When I decided to leave my day job, the competitive landscape was still almost clear. Tapbots released Calcbot but it was clearly a well-designed toy, not really an app for calculating. Soulver was now available on iPhone and iPad, firmly sticking to the initial vision of having everything in the app in text form — not the best form for touchscreens. Apple’s Numbers were now available on iPad, but heck, isn’t there a place for something new on this magical device, not just a remake of 30-year old killer app? I already had my sleeves up and was looking for the project to focus on, when I saw this Apple’s commercial (I encourage you to spend 30 seconds of your time and watch it):
See? Nobody works with numbers, even the CEO! So I was about to make something people would love to use instead of the spreadsheets, something that’ll have no tiny cells or won’t force you to type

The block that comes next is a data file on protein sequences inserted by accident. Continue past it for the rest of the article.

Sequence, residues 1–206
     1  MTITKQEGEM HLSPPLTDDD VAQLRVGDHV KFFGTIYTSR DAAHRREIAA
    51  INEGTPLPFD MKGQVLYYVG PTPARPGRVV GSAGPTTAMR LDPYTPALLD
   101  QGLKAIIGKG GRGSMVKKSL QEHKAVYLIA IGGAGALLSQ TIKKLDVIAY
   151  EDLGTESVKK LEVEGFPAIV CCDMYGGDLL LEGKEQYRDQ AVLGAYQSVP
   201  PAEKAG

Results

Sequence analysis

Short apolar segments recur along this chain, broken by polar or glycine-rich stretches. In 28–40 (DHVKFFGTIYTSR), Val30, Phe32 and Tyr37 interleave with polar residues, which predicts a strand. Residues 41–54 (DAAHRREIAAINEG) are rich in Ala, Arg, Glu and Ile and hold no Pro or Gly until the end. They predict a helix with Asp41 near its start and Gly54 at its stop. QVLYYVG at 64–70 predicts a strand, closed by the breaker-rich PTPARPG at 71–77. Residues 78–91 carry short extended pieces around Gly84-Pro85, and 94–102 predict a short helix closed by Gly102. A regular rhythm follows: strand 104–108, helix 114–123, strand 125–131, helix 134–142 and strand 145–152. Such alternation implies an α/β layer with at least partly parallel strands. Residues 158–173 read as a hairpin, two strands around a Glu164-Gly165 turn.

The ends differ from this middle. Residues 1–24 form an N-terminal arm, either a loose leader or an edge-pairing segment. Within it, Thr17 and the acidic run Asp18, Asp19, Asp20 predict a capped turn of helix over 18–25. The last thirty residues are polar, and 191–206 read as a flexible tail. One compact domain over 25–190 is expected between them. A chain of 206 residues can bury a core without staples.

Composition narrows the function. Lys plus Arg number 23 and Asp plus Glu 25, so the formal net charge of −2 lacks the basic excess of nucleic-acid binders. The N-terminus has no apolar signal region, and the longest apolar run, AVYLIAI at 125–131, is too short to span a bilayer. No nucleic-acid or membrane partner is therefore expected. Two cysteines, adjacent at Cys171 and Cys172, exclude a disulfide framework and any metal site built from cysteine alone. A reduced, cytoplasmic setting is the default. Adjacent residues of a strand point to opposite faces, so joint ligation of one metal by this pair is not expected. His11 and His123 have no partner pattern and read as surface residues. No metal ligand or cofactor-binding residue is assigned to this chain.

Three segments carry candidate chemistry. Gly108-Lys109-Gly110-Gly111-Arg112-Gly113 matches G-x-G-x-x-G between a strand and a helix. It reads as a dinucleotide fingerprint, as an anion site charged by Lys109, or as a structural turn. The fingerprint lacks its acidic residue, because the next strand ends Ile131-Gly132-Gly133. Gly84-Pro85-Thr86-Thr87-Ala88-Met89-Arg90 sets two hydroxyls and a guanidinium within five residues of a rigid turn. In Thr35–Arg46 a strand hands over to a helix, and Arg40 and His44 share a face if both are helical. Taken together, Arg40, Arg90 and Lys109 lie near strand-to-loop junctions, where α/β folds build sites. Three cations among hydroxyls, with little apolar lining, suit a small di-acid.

In the middle of this summer I was full steam ahead with development. Convenient edit functionality: check. Built-in analytics for better understanding of users’ behavior: check. Multi-document support: check. Text handling to allow people to leave any annotations next to their numbers: check. I implemented and tried three different UI metaphors to allow selection of some parts of your calculations just to find out that no UI metaphor is needed. Simpler is better: one finger swipe means scroll, two fingers swipe means select. Storing parts of your calculation for referencing them later: check. Pinning them to have them always in sight: check. After all this was done, I moved my budget data from a Google spreadsheet to the working version of Scalar on my iPad and never looked back.
This is where we stand now. Dogfooding is a key turn for a small company with a big vision: from this moment on you only embarrassed of what you’ve built if you can’t use it the way you envisioned. I, for one, only feel proud now.
A quote from Surely You’re Joking, Mr. Feynman! (February 1, 2011)